One and a half years after the installment of the Single Supervisory Mechanism (SSM), SAFE takes stock: What has been achieved in the new European supervisory landscape, what remains still to be done? These questions were discussed on June 16th by Dirk Schoenmaker (Bruegel & Erasmus University), Sascha Steffen (University of Mannheim & ZEW), Nicolas Véron (Bruegel and Peterson Institute) and Mark Wahrenburg (Goethe University). The panel discussion, moderated by Hans‐Helmut Kotz (SAFE & Harvard University), was jointly organized by the SAFE Policy Center and Bruegel.
The discussants agreed that the SSM has taken huge steps to improve banking supervision in Europe. Its regime is said to be tough but fair, definitely tougher than each of the nine national supervisory systems, thus encouraging a “race to the top”, as Nicolas Véron stated. However, there was also consensus that the overall regulatory setting could still need some improvement. According to Véron, the ECB/SSM Supervisory Board is dominated by national interests; Véron and Dirk Schoenmaker bemoaned the lack of transparency in the process, and Mark Wahrenburg pointed to the suboptimal division of tasks between the ECB/SSM and the European Banking Authority that would inevitably lead to inefficiencies regarding the highly important sharing of information and data.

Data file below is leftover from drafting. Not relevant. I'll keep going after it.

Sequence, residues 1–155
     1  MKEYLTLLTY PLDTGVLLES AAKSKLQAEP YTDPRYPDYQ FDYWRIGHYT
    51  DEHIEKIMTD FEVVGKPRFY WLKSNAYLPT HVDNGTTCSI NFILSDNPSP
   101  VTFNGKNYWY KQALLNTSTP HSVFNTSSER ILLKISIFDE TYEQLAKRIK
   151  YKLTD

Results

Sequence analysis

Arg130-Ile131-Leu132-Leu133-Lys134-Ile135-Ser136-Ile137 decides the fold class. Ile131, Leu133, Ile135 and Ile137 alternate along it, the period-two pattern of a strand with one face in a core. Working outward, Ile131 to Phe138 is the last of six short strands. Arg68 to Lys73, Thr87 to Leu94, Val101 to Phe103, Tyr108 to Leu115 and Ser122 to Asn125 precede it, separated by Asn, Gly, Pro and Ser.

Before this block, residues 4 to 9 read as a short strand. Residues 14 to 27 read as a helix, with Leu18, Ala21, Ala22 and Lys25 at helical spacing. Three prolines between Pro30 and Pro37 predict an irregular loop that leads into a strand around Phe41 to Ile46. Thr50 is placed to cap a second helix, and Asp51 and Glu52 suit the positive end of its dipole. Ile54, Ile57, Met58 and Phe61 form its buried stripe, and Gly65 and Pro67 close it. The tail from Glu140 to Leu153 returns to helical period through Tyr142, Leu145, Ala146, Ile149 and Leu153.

According to Wahrenburg, despite the transfer of regulatory competencies to the supranational level, national regulators still play an important role in the process. Their effort is on preventing their banks from going bankrupt which results in institutes that survive despite an unsustainable business model. The Single Supervisor should reduce these negative external effects that prevent a level playing field for banks in Europe.
The panelists expressed different views with respect to the need for a joint European deposit insurance scheme (EDIS) which is being heavily blocked by Germany, and especially German savings banks, as Nicolas Véron noted. Dirk Schoenmaker said that such a scheme would be needed in order to overcome fragmentation in European banking markets. Sascha Steffen claimed that, with functioning Single Supervisory and Resolution Mechanisms, he would not have a problem with EDIS as this would no longer be needed.
Triggered by the audience, the panel also touched the burning issue of the low to negative interest rates and the consequences for the banking sector. Nicolas Véron pointed to the fact that, contrary to popular opinion, interest rate margins have more or less remained constant, at least until the end of 2015. Sascha Steffen countered the current complaints by financial institutions with the statement that banks simply cannot follow a business model that only works when interest rates are within a certain range.